President’s Choice says consumers have ‘Nothing to Fear’ from its Plant-Based line

Who: President’s Choice (PC) and John St.

What: “Nothing to Fear,” a campaign promoting PC’s Plant-Based line, with an emphasis on two products: Chickenless Breaded Strips and Original Cheesecake-Style Dessert.

While its products have previously been featured in broader PC advertising, such as the Insider’s Collection, this is the first standalone campaign for the Plant-Based brand.

Why: To drive awareness and trial of the Plant-Based product line, says Kevin Andrews, director of marketing, control brands, for President’s Choice parent Loblaw Companies Limited. “If people say they want to try plant-based foods, we want them to know we have offerings to meet their needs,” he says.

Why these products?: There are currently 20 SKUs in PC’s Plant-Based product line, but the launch advertising is focused on products that have mass appeal and are tailored towards convenience.

“We know that Canadians are always looking for convenient ways to get dinner on the table and the Chickenless Breaded Strips are the perfect way to do that,” says Andrews. Future marketing will focus on seasonal products, such as the Undeniable Burger.

When & Where: The campaign debuted with a 30-second ad during the Jan. 5 Golden Globes telecast, and runs through Feb. 16. In addition to TV, the campaign includes digital video and social.

How: The creative concept is built around the idea of consumers fearing plant-based foods, specifically because they might not taste very good or could be difficult to prepare, etc.

“We were trying to do something that spoke to the underlying barriers around trying plant-based products in general,” says John St.’s chief creative officer, Angus Tucker. “It’s a small-F fear, because nobody is literally scared of these things, but people are hesitant to try them because generally there’s nervousness about taste.”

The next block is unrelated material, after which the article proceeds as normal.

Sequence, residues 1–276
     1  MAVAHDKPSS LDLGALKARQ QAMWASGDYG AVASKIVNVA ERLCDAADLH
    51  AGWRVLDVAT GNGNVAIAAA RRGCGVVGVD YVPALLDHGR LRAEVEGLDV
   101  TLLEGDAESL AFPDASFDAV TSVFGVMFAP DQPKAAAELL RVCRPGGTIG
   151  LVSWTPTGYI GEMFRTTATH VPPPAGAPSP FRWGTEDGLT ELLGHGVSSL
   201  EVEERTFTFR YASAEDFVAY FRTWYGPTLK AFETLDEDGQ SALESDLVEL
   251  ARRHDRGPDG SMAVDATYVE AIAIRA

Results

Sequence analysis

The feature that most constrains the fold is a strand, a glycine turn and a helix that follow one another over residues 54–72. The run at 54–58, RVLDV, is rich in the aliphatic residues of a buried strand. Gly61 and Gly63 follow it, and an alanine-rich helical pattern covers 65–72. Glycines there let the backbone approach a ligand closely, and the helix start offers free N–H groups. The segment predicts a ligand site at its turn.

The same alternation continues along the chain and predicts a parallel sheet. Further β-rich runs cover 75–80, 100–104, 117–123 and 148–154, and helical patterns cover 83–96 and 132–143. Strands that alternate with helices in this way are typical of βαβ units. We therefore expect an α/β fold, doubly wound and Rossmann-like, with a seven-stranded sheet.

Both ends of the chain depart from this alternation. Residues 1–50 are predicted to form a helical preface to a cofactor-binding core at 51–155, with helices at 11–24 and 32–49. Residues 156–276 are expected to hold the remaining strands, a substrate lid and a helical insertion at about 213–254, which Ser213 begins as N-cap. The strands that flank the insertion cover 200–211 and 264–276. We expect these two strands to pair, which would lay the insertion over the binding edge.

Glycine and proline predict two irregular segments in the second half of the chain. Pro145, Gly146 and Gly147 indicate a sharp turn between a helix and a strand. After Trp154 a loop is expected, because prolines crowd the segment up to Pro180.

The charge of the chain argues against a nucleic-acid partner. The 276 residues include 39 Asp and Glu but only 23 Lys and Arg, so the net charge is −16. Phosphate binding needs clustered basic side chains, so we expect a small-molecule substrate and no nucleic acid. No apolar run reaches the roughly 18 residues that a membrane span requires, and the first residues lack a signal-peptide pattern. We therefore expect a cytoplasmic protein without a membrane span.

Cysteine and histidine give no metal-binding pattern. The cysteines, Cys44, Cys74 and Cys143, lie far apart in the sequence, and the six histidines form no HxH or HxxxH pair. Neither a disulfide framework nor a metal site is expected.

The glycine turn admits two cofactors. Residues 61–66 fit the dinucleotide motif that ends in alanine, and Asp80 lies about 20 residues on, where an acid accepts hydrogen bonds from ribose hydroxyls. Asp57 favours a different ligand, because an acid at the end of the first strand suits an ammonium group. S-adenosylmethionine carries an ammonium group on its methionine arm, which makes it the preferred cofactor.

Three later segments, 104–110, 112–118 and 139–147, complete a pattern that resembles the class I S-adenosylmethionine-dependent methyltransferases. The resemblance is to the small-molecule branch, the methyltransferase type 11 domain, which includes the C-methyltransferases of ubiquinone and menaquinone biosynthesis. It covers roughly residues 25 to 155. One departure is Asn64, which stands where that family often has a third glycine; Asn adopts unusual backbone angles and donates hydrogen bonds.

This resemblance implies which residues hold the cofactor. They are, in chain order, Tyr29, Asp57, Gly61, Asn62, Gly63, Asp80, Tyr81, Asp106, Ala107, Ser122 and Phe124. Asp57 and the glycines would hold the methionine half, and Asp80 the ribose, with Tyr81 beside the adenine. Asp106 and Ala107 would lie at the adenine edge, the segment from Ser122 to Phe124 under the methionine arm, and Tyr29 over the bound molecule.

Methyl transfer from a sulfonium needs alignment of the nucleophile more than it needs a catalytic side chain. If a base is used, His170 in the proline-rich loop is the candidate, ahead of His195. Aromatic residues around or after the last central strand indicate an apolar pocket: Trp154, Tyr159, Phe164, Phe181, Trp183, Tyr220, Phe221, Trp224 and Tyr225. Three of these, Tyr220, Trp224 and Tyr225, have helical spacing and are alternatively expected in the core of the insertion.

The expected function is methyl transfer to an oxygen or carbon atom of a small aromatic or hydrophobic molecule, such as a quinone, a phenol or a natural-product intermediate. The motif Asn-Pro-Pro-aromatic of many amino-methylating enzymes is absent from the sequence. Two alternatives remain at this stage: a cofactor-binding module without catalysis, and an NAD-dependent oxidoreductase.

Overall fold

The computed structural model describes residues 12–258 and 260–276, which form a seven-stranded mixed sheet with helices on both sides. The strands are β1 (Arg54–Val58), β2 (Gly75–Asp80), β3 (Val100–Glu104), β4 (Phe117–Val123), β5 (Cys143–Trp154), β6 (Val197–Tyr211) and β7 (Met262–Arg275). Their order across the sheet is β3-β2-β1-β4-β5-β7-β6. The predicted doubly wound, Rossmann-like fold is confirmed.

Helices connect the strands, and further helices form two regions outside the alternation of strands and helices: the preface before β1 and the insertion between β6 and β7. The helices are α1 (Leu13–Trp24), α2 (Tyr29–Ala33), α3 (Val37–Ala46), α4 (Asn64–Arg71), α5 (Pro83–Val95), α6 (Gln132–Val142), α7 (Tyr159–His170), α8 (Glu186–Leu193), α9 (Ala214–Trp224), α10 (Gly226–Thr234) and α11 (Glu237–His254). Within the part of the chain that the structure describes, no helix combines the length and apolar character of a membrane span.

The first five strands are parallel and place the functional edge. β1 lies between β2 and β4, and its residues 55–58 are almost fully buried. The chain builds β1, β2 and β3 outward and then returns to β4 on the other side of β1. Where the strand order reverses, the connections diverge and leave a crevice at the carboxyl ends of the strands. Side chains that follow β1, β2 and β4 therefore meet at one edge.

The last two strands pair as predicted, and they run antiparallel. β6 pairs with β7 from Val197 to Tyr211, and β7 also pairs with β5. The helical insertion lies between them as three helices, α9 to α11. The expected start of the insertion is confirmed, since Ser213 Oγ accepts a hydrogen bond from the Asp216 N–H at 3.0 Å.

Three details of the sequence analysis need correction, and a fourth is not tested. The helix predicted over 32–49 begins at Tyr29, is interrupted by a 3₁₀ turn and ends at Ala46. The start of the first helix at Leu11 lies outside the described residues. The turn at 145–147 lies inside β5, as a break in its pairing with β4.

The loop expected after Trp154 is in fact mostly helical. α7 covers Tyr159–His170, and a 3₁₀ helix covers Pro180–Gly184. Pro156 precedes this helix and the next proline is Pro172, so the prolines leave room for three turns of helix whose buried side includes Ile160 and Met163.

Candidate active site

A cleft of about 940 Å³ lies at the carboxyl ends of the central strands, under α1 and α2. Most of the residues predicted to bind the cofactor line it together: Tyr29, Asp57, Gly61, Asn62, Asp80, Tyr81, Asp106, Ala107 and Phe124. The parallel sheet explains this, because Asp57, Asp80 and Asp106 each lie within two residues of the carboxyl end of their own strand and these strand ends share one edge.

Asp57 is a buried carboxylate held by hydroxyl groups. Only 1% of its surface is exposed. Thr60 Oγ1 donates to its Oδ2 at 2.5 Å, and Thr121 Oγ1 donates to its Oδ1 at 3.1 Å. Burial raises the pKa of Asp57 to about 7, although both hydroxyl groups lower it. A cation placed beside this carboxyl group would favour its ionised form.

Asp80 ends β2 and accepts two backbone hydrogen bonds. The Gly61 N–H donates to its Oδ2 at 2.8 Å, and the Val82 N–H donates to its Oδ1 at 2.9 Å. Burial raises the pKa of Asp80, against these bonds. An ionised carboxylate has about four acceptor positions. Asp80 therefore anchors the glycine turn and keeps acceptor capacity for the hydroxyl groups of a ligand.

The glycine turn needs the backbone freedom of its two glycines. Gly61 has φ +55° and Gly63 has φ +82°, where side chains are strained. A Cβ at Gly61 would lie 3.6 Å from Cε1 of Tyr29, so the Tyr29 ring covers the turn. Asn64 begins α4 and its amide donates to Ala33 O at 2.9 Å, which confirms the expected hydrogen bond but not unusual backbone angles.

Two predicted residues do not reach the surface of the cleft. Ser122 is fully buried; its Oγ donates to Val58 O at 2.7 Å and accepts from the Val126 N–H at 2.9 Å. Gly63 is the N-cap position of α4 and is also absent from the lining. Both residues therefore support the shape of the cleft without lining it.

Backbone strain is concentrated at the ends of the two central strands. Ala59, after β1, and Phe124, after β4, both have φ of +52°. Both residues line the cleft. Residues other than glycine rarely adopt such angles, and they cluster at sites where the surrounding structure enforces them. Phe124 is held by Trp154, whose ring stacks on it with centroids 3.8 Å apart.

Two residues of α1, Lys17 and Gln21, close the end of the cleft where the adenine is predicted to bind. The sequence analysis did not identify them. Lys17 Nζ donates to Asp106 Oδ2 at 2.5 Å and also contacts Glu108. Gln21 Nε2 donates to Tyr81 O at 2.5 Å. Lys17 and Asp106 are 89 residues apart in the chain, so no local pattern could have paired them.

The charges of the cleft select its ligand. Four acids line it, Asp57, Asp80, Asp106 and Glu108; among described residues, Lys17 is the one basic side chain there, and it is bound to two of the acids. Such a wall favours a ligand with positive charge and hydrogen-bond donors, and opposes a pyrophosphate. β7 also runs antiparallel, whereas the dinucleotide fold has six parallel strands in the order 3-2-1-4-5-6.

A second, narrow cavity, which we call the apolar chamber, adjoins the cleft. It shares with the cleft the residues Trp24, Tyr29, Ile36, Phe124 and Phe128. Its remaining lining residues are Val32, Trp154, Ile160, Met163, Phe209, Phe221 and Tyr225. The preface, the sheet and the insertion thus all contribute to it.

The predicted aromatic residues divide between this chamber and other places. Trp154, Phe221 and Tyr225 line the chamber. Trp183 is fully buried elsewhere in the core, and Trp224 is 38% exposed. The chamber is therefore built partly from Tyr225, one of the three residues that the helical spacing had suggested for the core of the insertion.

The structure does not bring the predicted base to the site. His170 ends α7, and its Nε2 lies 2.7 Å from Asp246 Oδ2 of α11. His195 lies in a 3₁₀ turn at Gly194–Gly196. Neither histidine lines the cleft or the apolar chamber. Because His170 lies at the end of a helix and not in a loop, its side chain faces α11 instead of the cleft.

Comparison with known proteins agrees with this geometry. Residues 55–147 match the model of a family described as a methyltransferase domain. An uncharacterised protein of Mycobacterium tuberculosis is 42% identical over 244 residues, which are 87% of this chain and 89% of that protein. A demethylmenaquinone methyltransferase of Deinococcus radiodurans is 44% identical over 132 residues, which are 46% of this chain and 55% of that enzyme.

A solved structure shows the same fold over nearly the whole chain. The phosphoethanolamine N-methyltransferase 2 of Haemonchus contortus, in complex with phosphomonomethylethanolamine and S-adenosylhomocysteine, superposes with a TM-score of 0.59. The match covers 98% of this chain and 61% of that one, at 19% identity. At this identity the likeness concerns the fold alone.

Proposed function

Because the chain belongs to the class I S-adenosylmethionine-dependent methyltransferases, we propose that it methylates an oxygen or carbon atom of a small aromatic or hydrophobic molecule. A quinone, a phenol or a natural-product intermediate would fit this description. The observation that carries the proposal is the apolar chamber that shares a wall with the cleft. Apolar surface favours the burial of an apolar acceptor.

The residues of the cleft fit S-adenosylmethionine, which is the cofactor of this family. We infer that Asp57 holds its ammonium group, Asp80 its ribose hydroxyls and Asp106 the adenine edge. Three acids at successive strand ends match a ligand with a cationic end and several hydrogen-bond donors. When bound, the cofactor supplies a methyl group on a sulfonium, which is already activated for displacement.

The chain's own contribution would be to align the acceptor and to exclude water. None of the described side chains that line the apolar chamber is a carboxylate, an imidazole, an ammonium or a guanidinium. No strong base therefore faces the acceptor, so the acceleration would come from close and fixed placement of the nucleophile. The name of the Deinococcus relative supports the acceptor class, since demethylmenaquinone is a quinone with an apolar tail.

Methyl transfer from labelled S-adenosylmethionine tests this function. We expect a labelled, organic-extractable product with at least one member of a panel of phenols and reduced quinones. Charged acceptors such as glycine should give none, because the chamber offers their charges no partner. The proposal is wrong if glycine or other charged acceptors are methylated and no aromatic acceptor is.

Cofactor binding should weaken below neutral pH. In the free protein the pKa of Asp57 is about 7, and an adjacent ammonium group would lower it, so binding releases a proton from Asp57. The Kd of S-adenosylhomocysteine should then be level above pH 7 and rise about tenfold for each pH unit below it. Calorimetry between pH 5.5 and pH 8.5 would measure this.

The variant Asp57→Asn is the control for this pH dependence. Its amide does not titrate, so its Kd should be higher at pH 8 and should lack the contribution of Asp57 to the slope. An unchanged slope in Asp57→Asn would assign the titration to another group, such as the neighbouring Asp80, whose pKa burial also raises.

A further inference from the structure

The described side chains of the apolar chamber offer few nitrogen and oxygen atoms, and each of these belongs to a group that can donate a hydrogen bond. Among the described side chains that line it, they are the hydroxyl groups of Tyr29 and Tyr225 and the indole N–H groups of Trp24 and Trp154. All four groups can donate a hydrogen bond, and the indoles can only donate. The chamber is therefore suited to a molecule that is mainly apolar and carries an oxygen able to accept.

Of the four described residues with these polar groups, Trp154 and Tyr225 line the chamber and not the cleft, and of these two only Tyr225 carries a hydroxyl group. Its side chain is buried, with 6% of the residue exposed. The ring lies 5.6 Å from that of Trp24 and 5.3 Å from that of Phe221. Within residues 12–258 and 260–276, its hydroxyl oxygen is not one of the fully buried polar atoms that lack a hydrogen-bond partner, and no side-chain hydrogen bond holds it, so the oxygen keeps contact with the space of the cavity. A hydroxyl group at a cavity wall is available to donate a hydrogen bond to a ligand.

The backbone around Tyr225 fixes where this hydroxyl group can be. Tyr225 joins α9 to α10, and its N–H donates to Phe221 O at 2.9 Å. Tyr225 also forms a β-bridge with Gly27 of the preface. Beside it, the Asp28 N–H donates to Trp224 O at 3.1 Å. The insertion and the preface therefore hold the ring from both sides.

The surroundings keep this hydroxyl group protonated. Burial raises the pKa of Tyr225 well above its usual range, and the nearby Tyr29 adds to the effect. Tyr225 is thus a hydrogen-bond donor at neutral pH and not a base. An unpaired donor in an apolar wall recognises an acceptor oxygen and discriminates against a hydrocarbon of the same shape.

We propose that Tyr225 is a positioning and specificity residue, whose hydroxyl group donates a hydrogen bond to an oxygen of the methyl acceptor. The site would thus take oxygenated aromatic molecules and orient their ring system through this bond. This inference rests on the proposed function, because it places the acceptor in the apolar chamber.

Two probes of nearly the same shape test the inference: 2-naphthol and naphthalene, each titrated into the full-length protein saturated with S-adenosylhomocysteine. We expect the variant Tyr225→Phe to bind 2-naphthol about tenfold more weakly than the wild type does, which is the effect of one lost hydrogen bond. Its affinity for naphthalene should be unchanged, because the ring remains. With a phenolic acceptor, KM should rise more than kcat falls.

That’s particularly true of the anchor spot promoting Chickenless Breaded Strips, which leans hard into horror tropes, with sinister music and lots of close-ups on faces partially shrouded in darkness.

The spot focuses on three generations of males who are gathered together in a cabin with nothing but Chickenless Breaded Strips to eat.

Tucker says the spot is something of an homage to horror flicks like The Cabin in the Woods, although its sinister tone is leavened somewhat by a Drunk History vibe. The story is narrated by the grandfather, who supplies the voice for every character. The spot ends with the grandfather expressing his fondness for the Chickenless Breaded Strips.

A second spot is less horror specific, with a young girl relaying a story of being shocked when her mother purchases a plant-based cake for her birthday party (“How could you Karen?”) only to be surprised to discover she likes it.

“We were trying to cover off different customer sets,” says Andrews of the stylistic differences. “In the Cabin in the Woods spot, so to speak, you’ve got a grandfather who might be the most resistant to trying something new and showing that it wasn’t a massive [hurdle] to overcome, while the cheesecake spot… is a great example that kids can try this plant-based movement as well.”

And we quote: “For us it’s about really meeting customer needs when they’re most looking for plant-based options… We’ve seen the growth in consumer desire and we felt this was the perfect time to showcase the various solutions we have and really introduce plant-based options into Canadians’ diets.”—Kevin Andrews, director of marketing, control brands, Loblaw Companies Limited.


Chris Powell